SpaceX poised for high-stakes space station launch

SpaceX on Saturday aims to become the first private company to send its own cargo ship to the International Space Station, a feat that only a handful of world governments have pulled off.

The high-stakes mission is scheduled to begin before dawn Saturday (4:55 am, 0855 GMT) with the launch of the unmanned Dragon spacecraft aboard a Falcon 9 rocket from in Florida.

The bid, if successful, would catapult the company owned by billionaire Elon Musk even further ahead in the race to fill the void left by the shuttle program's end last year and restore America's access to space.

If not, it would be a setback for , one of several companies working to build and launch a spacecraft that could tote astronauts to the ISS by 2015, and the first to attempt a cargo mission as a precursor to a .

"The attention given to this flight creates a set of high expectations and it's still a test flight but the consequences of failure would be very serious," said John Logsdon, space policy expert at George Washington University.

"NASA is putting a big bet on this succeeding."

SpaceX has so far received $381 million from NASA as part of a multi-year $1.6-billion contract to develop the capability to carry cargo to and from the ISS.

NASA has struck a similar deal with a second company, Orbital Sciences, though it has yet to attempt its first cargo mission.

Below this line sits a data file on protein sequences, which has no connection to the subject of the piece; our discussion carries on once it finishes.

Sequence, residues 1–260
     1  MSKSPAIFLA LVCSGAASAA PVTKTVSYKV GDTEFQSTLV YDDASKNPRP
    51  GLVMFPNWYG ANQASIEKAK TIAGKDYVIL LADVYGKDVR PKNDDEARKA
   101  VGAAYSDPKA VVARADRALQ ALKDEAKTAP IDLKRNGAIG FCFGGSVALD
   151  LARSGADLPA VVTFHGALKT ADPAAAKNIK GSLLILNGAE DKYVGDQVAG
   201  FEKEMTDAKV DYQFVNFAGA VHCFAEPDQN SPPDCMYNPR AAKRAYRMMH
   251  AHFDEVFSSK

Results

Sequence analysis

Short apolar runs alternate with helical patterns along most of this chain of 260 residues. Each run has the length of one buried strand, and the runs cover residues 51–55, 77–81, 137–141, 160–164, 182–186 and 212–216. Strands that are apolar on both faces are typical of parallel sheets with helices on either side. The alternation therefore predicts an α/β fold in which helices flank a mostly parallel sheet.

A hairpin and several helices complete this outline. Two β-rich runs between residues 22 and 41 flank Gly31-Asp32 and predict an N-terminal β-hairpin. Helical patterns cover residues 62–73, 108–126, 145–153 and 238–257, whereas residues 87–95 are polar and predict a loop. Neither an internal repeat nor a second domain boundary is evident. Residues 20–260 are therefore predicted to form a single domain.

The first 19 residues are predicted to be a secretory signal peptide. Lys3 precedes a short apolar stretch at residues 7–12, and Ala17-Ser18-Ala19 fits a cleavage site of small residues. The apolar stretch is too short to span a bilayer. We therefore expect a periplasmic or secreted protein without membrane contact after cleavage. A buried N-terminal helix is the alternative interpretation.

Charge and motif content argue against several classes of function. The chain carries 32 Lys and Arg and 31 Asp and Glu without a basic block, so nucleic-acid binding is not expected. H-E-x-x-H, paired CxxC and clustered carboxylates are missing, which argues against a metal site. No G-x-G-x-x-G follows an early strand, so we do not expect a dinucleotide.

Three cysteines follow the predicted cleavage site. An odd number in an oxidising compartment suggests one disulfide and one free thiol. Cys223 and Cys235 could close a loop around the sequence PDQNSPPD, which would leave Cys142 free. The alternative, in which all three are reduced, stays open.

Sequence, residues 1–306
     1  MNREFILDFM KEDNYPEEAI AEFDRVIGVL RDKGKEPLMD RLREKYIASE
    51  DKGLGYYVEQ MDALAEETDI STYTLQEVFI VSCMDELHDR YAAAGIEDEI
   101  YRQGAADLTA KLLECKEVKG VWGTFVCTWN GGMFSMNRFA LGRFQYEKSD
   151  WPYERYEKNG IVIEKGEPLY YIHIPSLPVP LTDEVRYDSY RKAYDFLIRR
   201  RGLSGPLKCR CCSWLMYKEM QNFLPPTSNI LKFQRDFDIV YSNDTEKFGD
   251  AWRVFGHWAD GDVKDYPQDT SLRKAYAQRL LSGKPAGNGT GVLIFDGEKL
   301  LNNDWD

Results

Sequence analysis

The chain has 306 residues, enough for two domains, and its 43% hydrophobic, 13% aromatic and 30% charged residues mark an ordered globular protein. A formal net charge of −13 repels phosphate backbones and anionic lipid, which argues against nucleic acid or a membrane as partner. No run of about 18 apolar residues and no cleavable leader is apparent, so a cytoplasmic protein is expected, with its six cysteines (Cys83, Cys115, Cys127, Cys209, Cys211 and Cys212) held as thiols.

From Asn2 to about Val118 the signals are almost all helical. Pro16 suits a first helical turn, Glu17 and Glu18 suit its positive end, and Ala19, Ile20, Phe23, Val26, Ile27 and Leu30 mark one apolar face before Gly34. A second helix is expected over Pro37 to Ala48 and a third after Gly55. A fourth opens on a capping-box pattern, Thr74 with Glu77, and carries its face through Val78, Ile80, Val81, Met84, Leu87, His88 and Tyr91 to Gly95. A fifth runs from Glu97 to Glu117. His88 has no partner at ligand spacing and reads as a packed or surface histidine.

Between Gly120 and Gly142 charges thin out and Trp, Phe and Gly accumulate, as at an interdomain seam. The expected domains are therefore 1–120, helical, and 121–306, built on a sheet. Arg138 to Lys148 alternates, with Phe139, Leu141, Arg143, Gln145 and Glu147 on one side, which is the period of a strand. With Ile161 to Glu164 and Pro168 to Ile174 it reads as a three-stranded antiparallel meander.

The final flight of the US in 2011 ended a 30-year era of US dominance in and left Russia as the only nation capable of transporting both astronauts and cargo to the .

SpaceX is already further ahead than any of its other competitors in the private space race, which also include aerospace giant Boeing, the Nevada-based , and Washington state-based BlueOrigin LLC.

In 2010, SpaceX became the first commercial enterprise to successfully launch its into low-Earth orbit and back for a safe ocean recovery.

It has also been able to develop the Falcon 9 rocket launch vehicle at a third of the cost -- $1.7 billion -- it would have been for the US space agency to do the same -- $4 billion -- according to a NASA/Air Force Cost Model analysis.

"They are playing with their own money and they have real incentives to hold down costs," said Howard McCurdy, an author and expert at American University in Washington.

"SpaceX is in the lead but whether or not they are going to wind up in the lead at the end, we don't know, that's what makes it fascinating to watch," he told AFP.

"It's like the Kentucky Derby. The winner may be halfway back. We are just going around the first turn right now."

If Saturday's launch is successful, the Dragon will attempt a fly-under of the orbiting lab at a distance of about 1.5 miles (2.5 kilometers) three days later, followed by a berthing bid with the ISS on day four of the mission.

Astronauts already aboard the ISS will use the space station's robotic arm to capture the gum-drop shaped Dragon capsule as it approaches and help it latch on, a high-precision maneuver given that both the lab and spacecraft are orbiting the Earth every 90 minutes.

On day five, astronauts already at the ISS will unload cargo from the Dragon and restock it with supplies to carry back to Earth.

After a two-week stay in space, the Dragon aims to return to Earth for a safe splashdown in the Pacific Ocean off the coast of California.

If weather or other reasons prevent Saturday's liftoff, another opportunity for launch opens on May 22.

In addition to Russia, the agencies of Japan and Europe also operate cargo ships to the ISS.

Key facts about SpaceX